I was going through my documents file recently when I came across an article I wrote a few years ago about pastors and their health. I submitted it to a few Christian publications hoping to get it published, but none were interested. However, as I read the article I considered the number of pastors who might find it encouraging. Please forward it to your pastor if you feel lead to do so, or you may find it helpful and applicable to you personally. I believe the principles are useful to all of us as laypersons or ministers.
Over the years I have observed my fellow ministers becoming discouraged, disillusioned, and emotionally exhausted. How can we lead our congregations to victorious Christian living when we ourselves are falling apart? Sad to say, but we as ministers are depressed, burnt-out, wore out, in poor health, and quitting the ministry in droves. The numbers of pastors leaving the ministry due to discouragement and depression are hard to determine because so many never admit to suffering from these afflictions. We tend to view being honest about depression and discouragement as ministerial career killers. However, the opposite is true: Failure to admit and then resolve personal issues regarding depression, burnout, and discouragement will eventually wreck our lives and drive us from the ministry. When we take care of ourselves spiritually, physically, and emotionally, we will then be better equipped to minister to our own families and our congregations.
Allow me to share some tips for my fellow pastors and ministers which I have found helpful and have kept me on track over the years.
Maintain a Vibrant Prayer Life. A crucial part of growing in our faith and keeping a vibrant attitude toward life and ministry is the discipline of prayer. This is an essential element in keeping a healthy perspective on life, family, and ministry. We are called to lead by example, and nowhere is this more relevant than in the area of prayer. During a conference I attended a few years ago, Dr. Richard Blackaby told the story of a pastor who had become so discouraged that he left the ministry. Dr. Blackaby asked him how his prayer life had been while he was a pastor. The man replied, “Prayer? I didn’t have time to pray. How could I be expected to find time to pray in the midst of everything else I had to do?” Place prayer at the top of our to-do list, never at the bottom. We can only take our congregations as far spiritually as we have gone ourselves. Make time to pray and we have made time to begin walking forward in daily spiritual victory.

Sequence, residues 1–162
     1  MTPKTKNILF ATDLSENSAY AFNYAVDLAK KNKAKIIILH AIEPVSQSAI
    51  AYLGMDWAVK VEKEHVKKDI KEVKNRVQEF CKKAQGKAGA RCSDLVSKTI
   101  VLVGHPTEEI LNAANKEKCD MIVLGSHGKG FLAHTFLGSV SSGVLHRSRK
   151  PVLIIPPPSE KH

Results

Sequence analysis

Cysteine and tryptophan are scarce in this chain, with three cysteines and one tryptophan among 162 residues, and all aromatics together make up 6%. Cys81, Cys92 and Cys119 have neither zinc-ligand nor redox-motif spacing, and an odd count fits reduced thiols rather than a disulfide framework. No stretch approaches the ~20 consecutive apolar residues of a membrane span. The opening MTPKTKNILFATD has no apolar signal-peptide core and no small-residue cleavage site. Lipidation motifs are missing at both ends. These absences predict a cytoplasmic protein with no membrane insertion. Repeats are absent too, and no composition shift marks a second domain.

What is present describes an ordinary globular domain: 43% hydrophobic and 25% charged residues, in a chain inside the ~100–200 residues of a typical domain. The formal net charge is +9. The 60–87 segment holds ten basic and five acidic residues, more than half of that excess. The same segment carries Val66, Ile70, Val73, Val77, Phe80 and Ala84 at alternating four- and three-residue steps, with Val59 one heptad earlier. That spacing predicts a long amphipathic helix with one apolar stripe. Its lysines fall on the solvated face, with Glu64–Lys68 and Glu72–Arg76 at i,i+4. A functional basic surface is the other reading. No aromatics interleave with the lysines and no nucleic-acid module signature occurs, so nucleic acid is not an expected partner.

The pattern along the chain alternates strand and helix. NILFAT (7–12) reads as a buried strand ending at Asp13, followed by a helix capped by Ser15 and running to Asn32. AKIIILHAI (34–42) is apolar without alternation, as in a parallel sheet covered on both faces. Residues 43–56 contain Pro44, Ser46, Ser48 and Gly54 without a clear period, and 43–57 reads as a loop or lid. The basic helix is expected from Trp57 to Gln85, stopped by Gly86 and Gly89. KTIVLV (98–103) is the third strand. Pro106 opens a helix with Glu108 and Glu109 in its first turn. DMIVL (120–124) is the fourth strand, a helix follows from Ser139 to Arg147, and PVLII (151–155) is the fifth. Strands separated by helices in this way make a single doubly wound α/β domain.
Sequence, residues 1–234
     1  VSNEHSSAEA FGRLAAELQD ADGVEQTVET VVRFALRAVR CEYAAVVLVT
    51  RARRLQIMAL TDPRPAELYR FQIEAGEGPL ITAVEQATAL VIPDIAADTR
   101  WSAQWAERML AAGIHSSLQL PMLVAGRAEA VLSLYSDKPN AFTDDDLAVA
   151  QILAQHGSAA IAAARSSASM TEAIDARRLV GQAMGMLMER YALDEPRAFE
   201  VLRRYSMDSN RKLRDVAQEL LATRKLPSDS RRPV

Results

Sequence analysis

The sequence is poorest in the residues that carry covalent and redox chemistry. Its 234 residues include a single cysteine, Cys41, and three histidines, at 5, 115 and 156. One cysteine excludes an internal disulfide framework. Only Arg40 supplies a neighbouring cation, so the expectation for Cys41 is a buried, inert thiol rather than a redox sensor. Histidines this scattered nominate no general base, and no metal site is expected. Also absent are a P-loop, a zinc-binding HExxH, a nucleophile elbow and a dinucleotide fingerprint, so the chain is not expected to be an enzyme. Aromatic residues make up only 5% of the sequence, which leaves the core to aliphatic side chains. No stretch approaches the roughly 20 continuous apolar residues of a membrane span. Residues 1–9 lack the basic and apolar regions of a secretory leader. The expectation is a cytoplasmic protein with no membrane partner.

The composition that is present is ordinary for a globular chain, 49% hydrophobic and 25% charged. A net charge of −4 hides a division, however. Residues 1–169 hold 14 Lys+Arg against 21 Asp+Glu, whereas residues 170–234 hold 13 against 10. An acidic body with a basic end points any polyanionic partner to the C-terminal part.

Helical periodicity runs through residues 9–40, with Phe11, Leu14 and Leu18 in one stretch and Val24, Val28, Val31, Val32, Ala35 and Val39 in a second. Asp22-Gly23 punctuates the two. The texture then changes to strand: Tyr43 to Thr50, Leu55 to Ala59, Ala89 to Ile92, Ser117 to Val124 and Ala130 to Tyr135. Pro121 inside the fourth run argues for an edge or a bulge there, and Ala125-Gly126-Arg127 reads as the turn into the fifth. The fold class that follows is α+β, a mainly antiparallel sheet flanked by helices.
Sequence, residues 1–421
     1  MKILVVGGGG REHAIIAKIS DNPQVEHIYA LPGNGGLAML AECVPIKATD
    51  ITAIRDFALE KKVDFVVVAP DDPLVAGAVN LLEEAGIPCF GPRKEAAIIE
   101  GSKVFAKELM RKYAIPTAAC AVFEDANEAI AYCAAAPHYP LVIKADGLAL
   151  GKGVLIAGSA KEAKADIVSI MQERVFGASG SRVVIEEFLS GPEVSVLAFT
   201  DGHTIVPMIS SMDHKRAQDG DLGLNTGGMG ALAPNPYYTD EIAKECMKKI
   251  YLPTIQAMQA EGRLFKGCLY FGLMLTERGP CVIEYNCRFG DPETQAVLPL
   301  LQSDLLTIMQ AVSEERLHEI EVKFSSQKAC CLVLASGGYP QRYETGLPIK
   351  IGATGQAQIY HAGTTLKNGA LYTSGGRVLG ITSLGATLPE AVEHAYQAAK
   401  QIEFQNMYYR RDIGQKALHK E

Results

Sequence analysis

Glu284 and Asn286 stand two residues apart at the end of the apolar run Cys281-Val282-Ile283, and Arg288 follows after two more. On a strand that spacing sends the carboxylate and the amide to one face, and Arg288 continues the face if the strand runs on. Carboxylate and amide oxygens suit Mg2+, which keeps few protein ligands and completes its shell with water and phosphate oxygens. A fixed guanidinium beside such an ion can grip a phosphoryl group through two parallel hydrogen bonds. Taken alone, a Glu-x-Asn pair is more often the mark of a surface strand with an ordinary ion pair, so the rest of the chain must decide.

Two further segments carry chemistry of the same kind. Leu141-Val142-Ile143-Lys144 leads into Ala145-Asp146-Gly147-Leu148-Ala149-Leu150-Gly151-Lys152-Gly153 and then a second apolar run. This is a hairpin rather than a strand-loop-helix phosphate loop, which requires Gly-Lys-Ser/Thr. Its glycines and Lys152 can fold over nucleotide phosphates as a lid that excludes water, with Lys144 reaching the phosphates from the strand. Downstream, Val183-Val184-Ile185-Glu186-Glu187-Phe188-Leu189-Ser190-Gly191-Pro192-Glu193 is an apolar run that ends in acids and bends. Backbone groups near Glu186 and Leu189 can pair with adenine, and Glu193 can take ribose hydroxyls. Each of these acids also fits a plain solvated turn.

- Start getting up earlier every day for the purpose of prayer.
- Resolve to begin the day with a period of prayer rather than the morning news.
- After a devoted time of prayer, open the Scriptures and allow God’s Word to speak to your heart – not for planning a sermon, but rather for your own spiritual edification.
- Make up your mind that from this day forward you will make prayer a top priority. You will begin to see immediate and powerful results.
Maintain a Proper Diet. Being overweight can lead to an assortment of health problems such as heart disease, high blood pressure, diabetes, poor self-esteem, and overall lethargy. Regardless of your physical condition, a consultation with your family doctor about how to get in shape is always a good idea. This consultation can also be an opportunity to discuss starting an exercise program or how to manage depression.
Healthy eating habits begin with the first meal of the day.
- Say goodbye to doughnuts and pastries in the morning and try some oatmeal, grapefruit, whole-wheat toast, or yogurt and granola. Replace cookies, cake, pie, and ice cream with healthy snacks such as raisons, celery sticks, carrots sticks, and fresh fruits.
- Try eliminating all sugar from your diet for 6 months. What?! Yes, you read that correctly. Cut all sugar from your diet and you will lose weight.
- Stick with healthy foods such as fruits, green leafy vegetables, and various meats – without the bread.
There are a gazillion books on the market which are great resources for healthy eating, but I dare say you are smart enough to figure this out for yourself. Eat less and eat smart – that’s the key.
Maintain an Exercise Program. For many reading this, regular exercise will seem something along the lines of climbing Mount Everest. However, your exercise program does not have to be anything fancy. Four years ago, I began a new exercise program and I am yet to join a health club or buy expensive exercise equipment. Every morning I spend around 20-30 minutes doing basic calisthenics: jumping jacks, push-ups, sit-ups, crunches, and stretching exercises. Then, if my schedule permits, I snap the leash on my dogs and we take a brisk walk. All of this can begin before your daily schedule revs up in earnest. You will then face the day with new energy, confidence, and well-being.
Maintain Some Unique Interests. As ministers of the gospel, we give extensively of ourselves to those around us. Set aside time to pursue an engaging pursuit that will facilitate relaxation and lowering of stress levels. Take up a new hobby, learn to play an instrument, learn a foreign language, take a culinary arts class, begin keeping a journal or online blog, or sit down and actually begin writing the book you have long dreamed of. Treat yourself to the occasional cup of gourmet coffee with a bran muffin (fat-free, of course!). The possibilities are endless.
Christ has called us to go into all the world and be His witnesses (Matthew 28:19, Acts 1:8). We are better equipped to our calling when we take steps toward maintaining healthy lifestyles. The Lord has empowered us, our families need us, and the church and community are looking to us for leadership. Rise up, get going, and get started. The time is now.